2.3.1.2.the property is, or was at the time of the foreclosure rescue transaction, in

    default or foreclosure;

2.3.1.3.the transaction is designed, intended or promoted by the parties as a means to

    avoid or delay actual or anticipated foreclosure proceedings against the

    property while permitting the homeowner to maintain a legal or equitable

    interest in the property conveyed, including, without limitation, a lease interest,

    a right to possession, an option to acquire the property, or other interest in the

    property conveyed; and

    2.3.1.4.the grantee enters into the transaction for compensation or gain or for potential

    or contingent compensation or gain.

    2.3.2. A transaction shall not be deemed to be a foreclosure rescue transaction merely

    because it provides the homeowner up to three months beyond the transfer date to

    vacate the property, provided that it is clear from all of the circumstances that the

    homeowner has no expectation of remaining in the property beyond the date to

    vacate.

    2.3.3. The term “foreclosure rescue transaction” includes any contract, agreement, or

    arrangement, or any term thereof, between a grantee and a homeowner that is

    incident to a foreclosure rescue transaction.

    2.3.4. Parol evidence is admissible to show that a transaction is a foreclosure rescue

    transaction.

    2.4. “Formal closing” means an in-person, face-to-face meeting with the homeowner

    conducted by and in the office of a closing agent who is not employed by or affiliated

    with the grantee to complete final documents incident to the sale or transfer of an interest

    in property, or the creation of a mortgage or equitable interest in property, during which

    the homeowner must be presented with a completed copy of any settlement statement

    required under state or federal law.

    2.5. "Grantee" means any person who acquires title to property, as defined in this Act . The

    term “grantee” includes the grantee’s representative as defined in this subdivision,

    successor in interest, or any person acting in joint venture or joint enterprise with the

    grantee. The term “grantee” does not include a person who acquires title as follows:

2.5.1. by a deed as a result of a foreclosure sale;

    2.5.2. by a deed in lieu of foreclosure of any voluntary lien or encumbrance of record,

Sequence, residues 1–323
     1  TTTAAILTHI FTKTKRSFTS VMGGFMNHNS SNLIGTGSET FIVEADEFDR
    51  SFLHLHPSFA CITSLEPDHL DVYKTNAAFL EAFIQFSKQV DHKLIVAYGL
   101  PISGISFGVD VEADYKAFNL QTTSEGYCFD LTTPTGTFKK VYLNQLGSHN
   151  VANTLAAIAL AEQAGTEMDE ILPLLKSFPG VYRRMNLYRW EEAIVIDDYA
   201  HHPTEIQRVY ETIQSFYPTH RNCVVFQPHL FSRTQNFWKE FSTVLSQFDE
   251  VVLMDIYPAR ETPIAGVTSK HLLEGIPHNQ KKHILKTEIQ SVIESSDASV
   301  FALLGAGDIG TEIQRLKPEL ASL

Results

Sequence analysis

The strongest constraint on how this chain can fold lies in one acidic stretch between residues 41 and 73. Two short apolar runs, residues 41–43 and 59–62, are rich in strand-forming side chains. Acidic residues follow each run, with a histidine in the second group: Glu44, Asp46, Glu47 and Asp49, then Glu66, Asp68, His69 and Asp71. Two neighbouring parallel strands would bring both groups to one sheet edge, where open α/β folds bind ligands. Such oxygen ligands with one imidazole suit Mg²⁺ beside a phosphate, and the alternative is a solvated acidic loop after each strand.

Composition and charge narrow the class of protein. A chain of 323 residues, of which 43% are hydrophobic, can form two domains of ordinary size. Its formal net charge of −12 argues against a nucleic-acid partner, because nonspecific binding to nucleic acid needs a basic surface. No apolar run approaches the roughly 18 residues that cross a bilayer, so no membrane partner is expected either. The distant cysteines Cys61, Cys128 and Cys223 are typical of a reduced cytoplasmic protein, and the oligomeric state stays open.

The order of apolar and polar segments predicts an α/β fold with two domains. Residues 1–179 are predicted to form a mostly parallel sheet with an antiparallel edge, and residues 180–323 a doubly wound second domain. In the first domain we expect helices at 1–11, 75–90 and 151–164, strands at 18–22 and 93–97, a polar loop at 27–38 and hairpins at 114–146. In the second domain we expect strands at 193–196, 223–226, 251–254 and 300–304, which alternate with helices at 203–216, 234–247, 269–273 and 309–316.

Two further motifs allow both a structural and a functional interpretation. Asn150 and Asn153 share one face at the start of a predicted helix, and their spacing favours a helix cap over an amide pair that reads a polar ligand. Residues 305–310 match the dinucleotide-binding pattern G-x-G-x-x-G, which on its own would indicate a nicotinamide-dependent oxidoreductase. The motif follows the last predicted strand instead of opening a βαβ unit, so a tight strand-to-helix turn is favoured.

other than a lien or encumbrance created in connection with a foreclosure rescue

    transaction;

    2.5.3. at a short sale at which the outstanding obligations against the property, other than

    obligations created in connection with a foreclosure rescue transaction or equitable

    mortgage, are greater than the fair market value of the property;

2.5.4. at any sale of property authorized by statute;

2.5.5. by order or judgment of any court; or

    2.5.6. as a bona fide purchaser or lender as defined in this Act.

    2.6. “Homeowner” means a natural person who, at the time of the foreclosure rescue

    transaction or the creation of an equitable mortgage, held title to the property as defined

    in this Act.

2.7. “In default” means a property whose owner is more than 90 days delinquent on any loan

    or debt, including real estate taxes, that is secured by the property.

2.8. “In foreclosure” means a property for which a secured party or taxing authority has

    initiated a foreclosure.

2.9. “Property” means residential property, whether real or personal, including

    condominiums, modular homes or manufactured or mobile homes, consisting of from

    one to six dwelling units at least one of which is occupied or was occupied prior to the

    transfer of title to the property by the homeowner as a primary residence.

    2.10. "Representative" means a person who in any manner solicits, induces, arranges, or

    causes a homeowner to transfer title or solicits any member of the homeowner's family

    or household to induce or cause a homeowner to transfer title to the property pursuant to

    a foreclosure rescue transaction.

2.11. Title” includes title to or ownership of the property, as well as ownership of an

    interest in the property through a trust document.

    3. Equitable Mortgages.

3.1. Every deed or other conveyance of an interest in property that purports to be an absolute

    conveyance of title to property but was made as security for the performance of an

    obligation, is deemed to be an equitable mortgage. The obligation may have been

    created prior to or contemporaneous with the conveyance and need not be the personal